Water evaporation, temperature, wind and heat capacity?

In summary, the conversation discusses the factors that influence water evaporation in a large pool, including wind, temperature, and water's heat capacity. The speaker mentions Penman's equation as a possible solution but is unsure if it applies to their specific example. They also express confusion about how surface water temperature affects evaporation and apologize for not having visual aids.
  • #1

I'd like to know how I'd put together, either elegantly or at least in physical terms, that surely water evaporation in a large pool of V volume and S surface is influenced by wind (increased by it as opposed to having side barriers), temperature (increased by direct sunlight as opposed to shading due to the very same barriers shielding wind laterally) and water's heat capacity not being constant across its temperature range.

I am thinking about Penman's equation (or Shuttleworth's) fitting above needs however I am not sure if it'd still stand true for my example, since I don't fully grasp how much would superficial water heated more by sunlight than its shaded counterpart rise up the vapor pressure and hence speed up evaporation of water and also how to put that a wind side barrier would decrease the net evaporation by decreasing wind on water surface and also having sunrays hit directly water only about at zenith.

I apologize for the awful teeny drawings, I am on mobile without any graphic tablet or computer.

Thank you


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  • #2
You've Googled Penman's. What are the results?
  • #3
Bystander said:
You've Googled Penman's. What are the results?

The results are that I unfortunately still don't see where does surface water temperature (due to high irradiation VS low irradiation) comes into play in either Penman's or Shuttleworth's formula. I am quite sure that, considering everything else equal, water at say 23°C evaporates more readily than water at say 13°C.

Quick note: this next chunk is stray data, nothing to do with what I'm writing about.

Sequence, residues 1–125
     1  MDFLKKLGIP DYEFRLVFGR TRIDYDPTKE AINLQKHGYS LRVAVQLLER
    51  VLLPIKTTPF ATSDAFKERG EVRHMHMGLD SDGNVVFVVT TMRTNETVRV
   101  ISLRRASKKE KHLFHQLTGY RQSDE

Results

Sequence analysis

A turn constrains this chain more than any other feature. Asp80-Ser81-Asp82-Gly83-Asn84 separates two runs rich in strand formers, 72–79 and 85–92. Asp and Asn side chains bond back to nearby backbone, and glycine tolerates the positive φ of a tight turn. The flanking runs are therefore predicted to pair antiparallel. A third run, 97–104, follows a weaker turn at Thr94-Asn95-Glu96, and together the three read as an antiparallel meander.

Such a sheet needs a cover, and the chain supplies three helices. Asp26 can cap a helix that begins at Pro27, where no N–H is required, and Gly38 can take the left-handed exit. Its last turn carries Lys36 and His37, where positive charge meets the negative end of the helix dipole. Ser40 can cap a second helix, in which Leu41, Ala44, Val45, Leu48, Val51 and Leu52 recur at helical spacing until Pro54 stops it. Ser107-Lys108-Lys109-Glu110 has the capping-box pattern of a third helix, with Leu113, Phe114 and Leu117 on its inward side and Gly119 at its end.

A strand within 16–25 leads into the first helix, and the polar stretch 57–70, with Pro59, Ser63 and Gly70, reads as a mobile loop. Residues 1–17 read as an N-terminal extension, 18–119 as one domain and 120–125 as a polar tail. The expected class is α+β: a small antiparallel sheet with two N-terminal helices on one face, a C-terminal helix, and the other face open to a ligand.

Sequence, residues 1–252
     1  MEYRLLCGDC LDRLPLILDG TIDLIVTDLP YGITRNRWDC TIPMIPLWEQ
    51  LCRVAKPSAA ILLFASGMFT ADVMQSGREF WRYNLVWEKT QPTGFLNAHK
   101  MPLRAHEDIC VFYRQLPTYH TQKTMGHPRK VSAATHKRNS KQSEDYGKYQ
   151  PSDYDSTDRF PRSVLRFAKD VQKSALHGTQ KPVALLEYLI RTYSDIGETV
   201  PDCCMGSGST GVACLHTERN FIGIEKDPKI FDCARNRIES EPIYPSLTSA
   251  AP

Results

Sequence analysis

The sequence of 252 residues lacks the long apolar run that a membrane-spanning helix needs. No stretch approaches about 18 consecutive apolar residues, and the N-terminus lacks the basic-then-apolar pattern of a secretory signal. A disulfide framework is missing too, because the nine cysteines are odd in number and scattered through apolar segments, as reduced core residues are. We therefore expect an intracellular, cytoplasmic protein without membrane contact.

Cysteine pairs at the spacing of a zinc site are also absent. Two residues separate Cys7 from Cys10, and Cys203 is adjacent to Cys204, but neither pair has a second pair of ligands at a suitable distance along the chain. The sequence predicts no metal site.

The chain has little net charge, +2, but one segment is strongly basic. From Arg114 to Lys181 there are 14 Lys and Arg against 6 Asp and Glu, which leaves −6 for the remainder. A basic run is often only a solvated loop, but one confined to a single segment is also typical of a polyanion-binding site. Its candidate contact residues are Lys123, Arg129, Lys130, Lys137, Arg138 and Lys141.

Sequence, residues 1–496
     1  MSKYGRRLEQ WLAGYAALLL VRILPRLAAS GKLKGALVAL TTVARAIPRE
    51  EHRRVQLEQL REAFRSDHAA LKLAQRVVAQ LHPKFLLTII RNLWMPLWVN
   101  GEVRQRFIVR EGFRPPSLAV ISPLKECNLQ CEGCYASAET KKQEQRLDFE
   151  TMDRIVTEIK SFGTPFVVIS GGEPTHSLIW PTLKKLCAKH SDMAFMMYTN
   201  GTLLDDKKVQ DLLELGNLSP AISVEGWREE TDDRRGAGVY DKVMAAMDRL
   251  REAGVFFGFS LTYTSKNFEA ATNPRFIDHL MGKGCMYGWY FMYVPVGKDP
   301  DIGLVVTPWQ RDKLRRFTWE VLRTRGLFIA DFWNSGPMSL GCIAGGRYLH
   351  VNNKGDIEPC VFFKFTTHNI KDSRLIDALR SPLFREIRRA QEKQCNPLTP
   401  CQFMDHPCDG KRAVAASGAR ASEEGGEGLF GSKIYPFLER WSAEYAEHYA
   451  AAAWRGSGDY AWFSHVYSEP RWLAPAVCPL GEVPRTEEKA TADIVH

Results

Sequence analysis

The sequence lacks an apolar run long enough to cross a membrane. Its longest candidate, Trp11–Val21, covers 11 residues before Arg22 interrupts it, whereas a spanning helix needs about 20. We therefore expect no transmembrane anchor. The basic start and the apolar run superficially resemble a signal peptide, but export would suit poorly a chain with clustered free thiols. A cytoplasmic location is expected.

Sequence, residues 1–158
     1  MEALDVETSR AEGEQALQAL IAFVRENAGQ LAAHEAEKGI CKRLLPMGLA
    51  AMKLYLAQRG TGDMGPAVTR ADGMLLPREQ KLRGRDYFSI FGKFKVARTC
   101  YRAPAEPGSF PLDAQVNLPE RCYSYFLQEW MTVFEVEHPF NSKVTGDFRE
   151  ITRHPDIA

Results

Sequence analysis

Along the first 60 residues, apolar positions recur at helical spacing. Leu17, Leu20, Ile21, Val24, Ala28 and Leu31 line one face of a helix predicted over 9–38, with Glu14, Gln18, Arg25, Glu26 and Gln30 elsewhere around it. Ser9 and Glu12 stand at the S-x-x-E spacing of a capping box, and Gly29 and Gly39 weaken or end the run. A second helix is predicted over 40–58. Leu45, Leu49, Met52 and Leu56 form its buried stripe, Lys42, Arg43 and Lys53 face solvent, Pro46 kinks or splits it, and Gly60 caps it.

1. What is water evaporation?

Water evaporation is the process in which liquid water is converted into water vapor through the application of heat energy. This occurs when the temperature of the water reaches its boiling point and the water molecules gain enough energy to break free from their liquid state and become water vapor.

2. How does temperature affect water evaporation?

Temperature plays a crucial role in water evaporation. As the temperature of water increases, the water molecules gain more energy and are able to break free from their liquid state more easily, resulting in a faster rate of evaporation. On the other hand, colder temperatures slow down the movement of water molecules, leading to a slower rate of evaporation.

3. How does wind affect water evaporation?

Wind can greatly impact the rate of water evaporation. When wind blows over a body of water, it removes the layer of air above the water's surface, allowing for more water molecules to escape into the air. This increases the rate of evaporation as there is a constant supply of dry air to absorb the water vapor.

4. What is heat capacity and how does it relate to water evaporation?

Heat capacity is the amount of heat energy required to raise the temperature of a substance by a certain amount. Water has a high heat capacity, meaning it requires a large amount of heat energy to raise its temperature. This is why bodies of water are able to absorb and store heat without experiencing dramatic changes in temperature. Heat capacity also plays a role in water evaporation, as it requires a significant amount of heat energy for water to reach its boiling point and evaporate.

5. What factors can influence the rate of water evaporation?

Aside from temperature and wind, there are other factors that can affect the rate of water evaporation. These include humidity, air pressure, and surface area of the water. Higher humidity levels can slow down evaporation, as the air is already saturated with water vapor. Higher air pressure can also slow down the rate of evaporation, as it prevents the water molecules from escaping into the air. In terms of surface area, larger bodies of water have a higher rate of evaporation due to their increased exposure to heat and wind.

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